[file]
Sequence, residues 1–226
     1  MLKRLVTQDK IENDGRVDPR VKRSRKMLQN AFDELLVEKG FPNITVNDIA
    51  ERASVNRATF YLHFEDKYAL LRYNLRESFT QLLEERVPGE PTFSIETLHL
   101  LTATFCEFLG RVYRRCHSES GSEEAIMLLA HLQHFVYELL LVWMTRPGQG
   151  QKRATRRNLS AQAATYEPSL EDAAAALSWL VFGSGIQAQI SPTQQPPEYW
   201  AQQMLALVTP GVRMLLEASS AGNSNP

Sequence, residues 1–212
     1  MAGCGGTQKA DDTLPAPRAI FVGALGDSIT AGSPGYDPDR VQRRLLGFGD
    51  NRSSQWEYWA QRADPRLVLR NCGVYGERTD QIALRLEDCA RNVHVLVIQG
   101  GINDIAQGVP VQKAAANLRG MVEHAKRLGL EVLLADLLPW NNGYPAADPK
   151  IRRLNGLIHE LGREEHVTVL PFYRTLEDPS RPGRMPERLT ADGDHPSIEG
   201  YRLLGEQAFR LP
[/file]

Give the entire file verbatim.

Sequence, residues 1–226
     1  MLKRLVTQDK IENDGRVDPR VKRSRKMLQN AFDELLVEKG FPNITVNDIA
    51  ERASVNRATF YLHFEDKYAL LRYNLRESFT QLLEERVPGE PTFSIETLHL
   101  LTATFCEFLG RVYRRCHSES GSEEAIMLLA HLQHFVYELL LVWMTRPGQG
   151  QKRATRRNLS AQAATYEPSL EDAAAALSWL VFGSGIQAQI SPTQQPPEYW
   201  AQQMLALVTP GVRMLLEASS AGNSNP

Sequence, residues 1–212
     1  MAGCGGTQKA DDTLPAPRAI FVGALGDSIT AGSPGYDPDR VQRRLLGFGD
    51  NRSSQWEYWA QRADPRLVLR NCGVYGERTD QIALRLEDCA RNVHVLVIQG
   101  GINDIAQGVP VQKAAANLRG MVEHAKRLGL EVLLADLLPW NNGYPAADPK
   151  IRRLNGLIHE LGREEHVTVL PFYRTLEDPS RPGRMPERLT ADGDHPSIEG
   201  YRLLGEQAFR LP